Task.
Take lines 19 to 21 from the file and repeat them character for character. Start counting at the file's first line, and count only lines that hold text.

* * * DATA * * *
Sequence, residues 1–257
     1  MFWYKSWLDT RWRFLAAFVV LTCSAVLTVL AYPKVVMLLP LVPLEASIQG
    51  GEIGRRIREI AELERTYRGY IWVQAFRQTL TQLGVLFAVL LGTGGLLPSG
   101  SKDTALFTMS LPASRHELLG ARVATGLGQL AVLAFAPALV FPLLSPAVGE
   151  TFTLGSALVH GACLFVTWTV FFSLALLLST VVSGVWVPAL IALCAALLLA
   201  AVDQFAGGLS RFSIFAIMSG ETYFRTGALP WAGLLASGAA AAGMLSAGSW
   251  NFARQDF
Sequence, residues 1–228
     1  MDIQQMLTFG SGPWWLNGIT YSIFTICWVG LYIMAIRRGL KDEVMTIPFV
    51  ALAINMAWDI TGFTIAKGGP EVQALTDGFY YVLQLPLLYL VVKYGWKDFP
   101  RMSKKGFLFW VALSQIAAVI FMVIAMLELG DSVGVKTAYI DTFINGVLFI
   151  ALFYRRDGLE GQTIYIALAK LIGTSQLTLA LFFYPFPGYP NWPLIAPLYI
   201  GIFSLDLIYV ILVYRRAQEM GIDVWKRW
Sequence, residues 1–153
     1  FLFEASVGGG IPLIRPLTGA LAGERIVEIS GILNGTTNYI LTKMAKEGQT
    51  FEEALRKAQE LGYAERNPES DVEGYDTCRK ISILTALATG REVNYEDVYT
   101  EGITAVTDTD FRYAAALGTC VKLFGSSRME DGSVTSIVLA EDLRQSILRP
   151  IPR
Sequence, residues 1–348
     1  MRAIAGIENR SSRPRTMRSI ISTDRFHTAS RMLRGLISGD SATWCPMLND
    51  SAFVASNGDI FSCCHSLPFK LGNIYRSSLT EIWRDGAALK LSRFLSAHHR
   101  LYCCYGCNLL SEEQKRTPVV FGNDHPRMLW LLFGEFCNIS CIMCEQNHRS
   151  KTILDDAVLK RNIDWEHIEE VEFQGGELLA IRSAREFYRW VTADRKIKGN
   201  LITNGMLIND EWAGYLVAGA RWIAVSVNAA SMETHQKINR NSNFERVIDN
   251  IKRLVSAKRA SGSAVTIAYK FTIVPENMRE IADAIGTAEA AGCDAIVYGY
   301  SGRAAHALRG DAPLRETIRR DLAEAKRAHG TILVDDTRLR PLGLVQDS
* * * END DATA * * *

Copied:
Sequence, residues 1–348
     1  MRAIAGIENR SSRPRTMRSI ISTDRFHTAS RMLRGLISGD SATWCPMLND
    51  SAFVASNGDI FSCCHSLPFK LGNIYRSSLT EIWRDGAALK LSRFLSAHHR